Hybrid IT is the future, but there's still work to be done

The corporate IT landscape is evolving quickly in this disruptive, fast-paced environment that we now live in, with factors such as agility and flexibility beginning to take precedent over reliability and cost efficiency.

This has led to the rise of hybrid IT, a topic explored in a new study from Hybrid Hive which found that two-fifths of respondents already have a hybrid IT environment in place - while a further 51 per cent are open to it - and 14 per cent are already spending more than half of their IT budgets on cloud technology.

The 'Hybrid Habits' study - which surveyed over 1,000 IT decision makers (ITDMs) from seven countries - revealed a majority consensus that hybrid is going to be a critical component in the future of corporate IT. 79 per cent of ITDMs said a hybrid IT infrastructure is "inevitable" and 81 per cent said a hybrid environment will be needed to achieve company objectives.

So, the new question for ITDMs seems to be not if they will invest in a hybrid infrastructure, but when. As with most things in today's ultra-competitive business landscape, speed is key, as those companies that invest early will likely benefit more in the long term than those slower on the uptake.

Greater flexibility (60 per cent) came out on top in terms of what was most attractive about the hybrid IT environment, followed by improved efficiency and lower costs, cited by 50 per cent and 44 per cent of respondents respectively. However, the study highlights the dangers of concentrating too much on short-term gains, with long-term benefits such as innovation only cited by 45 per cent of respondents. "ITDMs should indeed be focused on areas such as cost reduction and improved agility," said Andrew Brabban, Head of Hybrid IT at Fujitsu, "but equally, if they want to get the best out of Hybrid IT investment, they must not lose sight of the longer-term positive impact it could have on their business.”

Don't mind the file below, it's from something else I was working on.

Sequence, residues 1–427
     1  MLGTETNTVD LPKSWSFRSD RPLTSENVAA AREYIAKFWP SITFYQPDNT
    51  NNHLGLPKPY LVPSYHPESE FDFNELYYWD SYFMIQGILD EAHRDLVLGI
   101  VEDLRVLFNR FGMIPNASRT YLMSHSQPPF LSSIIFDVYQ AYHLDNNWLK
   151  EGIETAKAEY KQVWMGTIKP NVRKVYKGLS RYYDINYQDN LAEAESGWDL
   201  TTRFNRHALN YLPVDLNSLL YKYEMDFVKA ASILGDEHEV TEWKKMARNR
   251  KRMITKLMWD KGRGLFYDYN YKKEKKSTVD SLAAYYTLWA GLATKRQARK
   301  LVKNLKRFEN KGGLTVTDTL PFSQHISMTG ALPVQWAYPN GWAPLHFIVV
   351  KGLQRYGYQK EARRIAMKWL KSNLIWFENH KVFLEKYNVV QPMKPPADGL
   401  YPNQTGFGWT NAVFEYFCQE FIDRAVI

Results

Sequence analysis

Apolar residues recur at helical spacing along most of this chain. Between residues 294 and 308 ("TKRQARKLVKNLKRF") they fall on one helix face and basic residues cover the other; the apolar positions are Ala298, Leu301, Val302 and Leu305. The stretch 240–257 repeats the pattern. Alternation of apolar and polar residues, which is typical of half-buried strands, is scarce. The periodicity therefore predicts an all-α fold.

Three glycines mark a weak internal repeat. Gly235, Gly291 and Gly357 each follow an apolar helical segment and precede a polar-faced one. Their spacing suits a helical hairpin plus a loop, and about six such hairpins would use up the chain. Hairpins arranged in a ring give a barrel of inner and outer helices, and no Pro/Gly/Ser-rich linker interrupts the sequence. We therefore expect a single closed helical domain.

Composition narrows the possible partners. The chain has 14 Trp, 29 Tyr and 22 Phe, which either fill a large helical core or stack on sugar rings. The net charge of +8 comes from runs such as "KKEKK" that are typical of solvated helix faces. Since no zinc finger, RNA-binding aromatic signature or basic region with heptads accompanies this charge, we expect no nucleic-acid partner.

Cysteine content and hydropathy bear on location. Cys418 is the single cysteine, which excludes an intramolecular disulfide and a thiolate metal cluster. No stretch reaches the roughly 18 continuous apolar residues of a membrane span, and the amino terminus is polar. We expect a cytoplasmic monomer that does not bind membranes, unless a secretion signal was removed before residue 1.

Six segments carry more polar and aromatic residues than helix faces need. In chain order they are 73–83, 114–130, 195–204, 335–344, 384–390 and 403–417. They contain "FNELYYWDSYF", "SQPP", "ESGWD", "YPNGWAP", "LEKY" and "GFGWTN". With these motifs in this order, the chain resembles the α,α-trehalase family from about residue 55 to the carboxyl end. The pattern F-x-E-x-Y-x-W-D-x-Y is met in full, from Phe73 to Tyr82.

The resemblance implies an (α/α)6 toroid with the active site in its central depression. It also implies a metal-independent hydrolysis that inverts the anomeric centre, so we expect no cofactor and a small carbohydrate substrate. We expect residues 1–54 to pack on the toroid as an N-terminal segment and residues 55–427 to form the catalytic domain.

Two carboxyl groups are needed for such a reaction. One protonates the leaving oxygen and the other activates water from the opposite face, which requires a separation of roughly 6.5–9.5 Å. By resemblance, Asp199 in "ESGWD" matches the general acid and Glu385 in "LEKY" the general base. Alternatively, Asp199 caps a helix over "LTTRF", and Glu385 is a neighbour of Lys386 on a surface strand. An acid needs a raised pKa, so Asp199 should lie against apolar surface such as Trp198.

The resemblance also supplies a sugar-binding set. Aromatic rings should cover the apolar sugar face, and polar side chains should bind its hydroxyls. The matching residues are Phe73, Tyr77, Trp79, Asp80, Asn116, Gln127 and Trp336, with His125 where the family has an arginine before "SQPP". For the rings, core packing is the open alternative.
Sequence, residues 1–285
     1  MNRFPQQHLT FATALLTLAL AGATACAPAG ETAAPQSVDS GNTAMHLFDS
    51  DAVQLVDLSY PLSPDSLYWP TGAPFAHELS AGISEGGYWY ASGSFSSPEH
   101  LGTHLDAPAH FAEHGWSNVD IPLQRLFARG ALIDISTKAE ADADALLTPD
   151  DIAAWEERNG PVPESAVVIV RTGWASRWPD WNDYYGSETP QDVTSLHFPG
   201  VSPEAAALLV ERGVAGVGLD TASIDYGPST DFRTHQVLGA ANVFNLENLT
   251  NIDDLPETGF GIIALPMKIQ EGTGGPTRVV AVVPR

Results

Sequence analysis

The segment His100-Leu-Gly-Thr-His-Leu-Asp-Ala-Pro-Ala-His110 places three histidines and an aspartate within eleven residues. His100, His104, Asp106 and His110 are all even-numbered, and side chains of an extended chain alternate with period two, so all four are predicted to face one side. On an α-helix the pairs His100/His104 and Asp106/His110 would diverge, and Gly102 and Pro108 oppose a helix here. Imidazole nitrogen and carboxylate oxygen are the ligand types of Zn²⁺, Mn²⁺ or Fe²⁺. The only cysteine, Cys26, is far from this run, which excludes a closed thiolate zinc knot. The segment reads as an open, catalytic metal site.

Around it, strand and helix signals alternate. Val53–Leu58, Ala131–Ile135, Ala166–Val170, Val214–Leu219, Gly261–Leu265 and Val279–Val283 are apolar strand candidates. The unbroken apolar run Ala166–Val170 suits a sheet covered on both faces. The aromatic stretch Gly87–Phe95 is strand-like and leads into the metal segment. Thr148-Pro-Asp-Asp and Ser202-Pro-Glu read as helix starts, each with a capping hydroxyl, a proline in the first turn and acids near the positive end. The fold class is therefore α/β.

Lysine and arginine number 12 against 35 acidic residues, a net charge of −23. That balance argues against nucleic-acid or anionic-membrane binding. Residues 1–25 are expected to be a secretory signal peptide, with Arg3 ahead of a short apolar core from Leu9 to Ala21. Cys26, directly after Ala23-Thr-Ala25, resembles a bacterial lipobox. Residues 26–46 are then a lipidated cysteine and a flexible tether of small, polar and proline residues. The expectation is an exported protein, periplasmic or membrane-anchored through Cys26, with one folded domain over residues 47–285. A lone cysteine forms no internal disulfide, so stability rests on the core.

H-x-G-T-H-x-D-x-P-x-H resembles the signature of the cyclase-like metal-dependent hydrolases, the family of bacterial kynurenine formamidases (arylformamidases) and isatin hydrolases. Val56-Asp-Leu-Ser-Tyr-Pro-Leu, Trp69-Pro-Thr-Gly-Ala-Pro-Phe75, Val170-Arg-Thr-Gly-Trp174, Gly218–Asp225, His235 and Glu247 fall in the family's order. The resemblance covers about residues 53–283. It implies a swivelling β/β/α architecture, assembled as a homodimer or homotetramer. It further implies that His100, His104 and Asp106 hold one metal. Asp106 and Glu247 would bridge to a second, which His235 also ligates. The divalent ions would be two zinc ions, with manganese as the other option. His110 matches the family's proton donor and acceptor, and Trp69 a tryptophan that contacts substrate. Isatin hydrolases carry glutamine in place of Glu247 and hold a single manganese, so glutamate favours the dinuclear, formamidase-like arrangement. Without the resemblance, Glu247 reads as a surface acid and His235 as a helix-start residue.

Other long-term benefits such as increased speed to market (37 per cent) and the need to digitise (22 per cent) also score relatively low. Mark Phillips, Head of Hybrid IT for Fujitsu EMEIA added: "IT is a department primarily driven by cost reduction rather than enhancing the top line. But the more forward-looking CIOs understand the need to do both. It’s OK for cloud expenditure to increase if it’s driving revenue in the process."

Unfortunately, it's not all fun and games. Cyber security is a key issue in most areas of technology at the moment and the study reveals that the same is certainly true for hybrid IT. 49 per cent of ITDMs see reduced security as the top risk and nearly half again (48 per cent) said securing their business from outside attacks is their greatest concern.

In the study, Marcus Jewell, vice president EMEA at Brocade, highlights the dangers of security becoming a blocker rather than an enabler: "From a business perspective, security is not only a barrier to implementing a new IT solution like hybrid IT, it is also a barrier to digital transformation and building a competitive advantage. For many businesses with legacy systems, the maintenance of data security and privacy is consuming so much time that opportunities to innovate and transform are being missed.”

A significant knowledge cap could also get in the way. 37 per cent of ITDMs surveyed admitted that they don’t know what a ‘good’ Hybrid IT model looks like and 62 per cent need more help to understand Hybrid IT and its implications.

So, hybrid IT is undoubtedly the future, but there is still a way to go before the opportunities can be realised. Security concerns - as well as a clear knowledge gap - are standing in the way and the pressure is on ITDMs to find solutions sooner rather than later.

The full report can be found on the Hybrid Hive website.

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